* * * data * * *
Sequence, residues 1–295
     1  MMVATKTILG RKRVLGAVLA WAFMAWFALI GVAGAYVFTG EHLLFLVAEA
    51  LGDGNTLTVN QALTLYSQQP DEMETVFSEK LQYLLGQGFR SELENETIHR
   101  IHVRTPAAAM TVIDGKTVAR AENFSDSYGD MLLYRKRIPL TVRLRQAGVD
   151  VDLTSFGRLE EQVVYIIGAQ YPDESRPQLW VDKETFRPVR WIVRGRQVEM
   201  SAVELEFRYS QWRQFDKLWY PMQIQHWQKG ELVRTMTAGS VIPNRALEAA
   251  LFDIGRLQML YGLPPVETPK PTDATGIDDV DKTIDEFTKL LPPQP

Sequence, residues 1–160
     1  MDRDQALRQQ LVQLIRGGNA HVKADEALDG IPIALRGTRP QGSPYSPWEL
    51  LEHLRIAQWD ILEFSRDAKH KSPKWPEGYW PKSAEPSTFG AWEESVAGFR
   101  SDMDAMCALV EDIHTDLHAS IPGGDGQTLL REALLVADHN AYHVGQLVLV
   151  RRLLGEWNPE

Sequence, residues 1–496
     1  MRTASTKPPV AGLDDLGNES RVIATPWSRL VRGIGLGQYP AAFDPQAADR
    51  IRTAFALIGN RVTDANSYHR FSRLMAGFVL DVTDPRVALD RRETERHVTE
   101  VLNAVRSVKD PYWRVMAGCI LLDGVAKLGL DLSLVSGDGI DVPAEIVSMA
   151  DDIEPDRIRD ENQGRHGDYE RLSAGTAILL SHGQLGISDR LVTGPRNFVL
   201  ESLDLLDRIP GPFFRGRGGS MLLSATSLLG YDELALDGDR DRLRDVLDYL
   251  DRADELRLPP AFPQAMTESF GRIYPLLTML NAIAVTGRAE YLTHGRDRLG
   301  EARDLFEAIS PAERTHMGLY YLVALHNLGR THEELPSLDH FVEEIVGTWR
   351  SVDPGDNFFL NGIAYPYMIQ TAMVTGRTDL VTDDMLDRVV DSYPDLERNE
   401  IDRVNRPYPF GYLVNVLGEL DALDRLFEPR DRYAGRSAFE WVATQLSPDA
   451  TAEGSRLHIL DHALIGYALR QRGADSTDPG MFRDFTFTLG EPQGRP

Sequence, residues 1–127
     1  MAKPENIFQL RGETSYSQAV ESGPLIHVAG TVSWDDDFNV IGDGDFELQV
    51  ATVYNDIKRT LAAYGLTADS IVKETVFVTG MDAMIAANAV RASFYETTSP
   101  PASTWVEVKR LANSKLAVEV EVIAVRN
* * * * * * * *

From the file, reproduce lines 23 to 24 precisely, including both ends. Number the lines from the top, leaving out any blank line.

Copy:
   451  TAEGSRLHIL DHALIGYALR QRGADSTDPG MFRDFTFTLG EPQGRP

Sequence, residues 1–127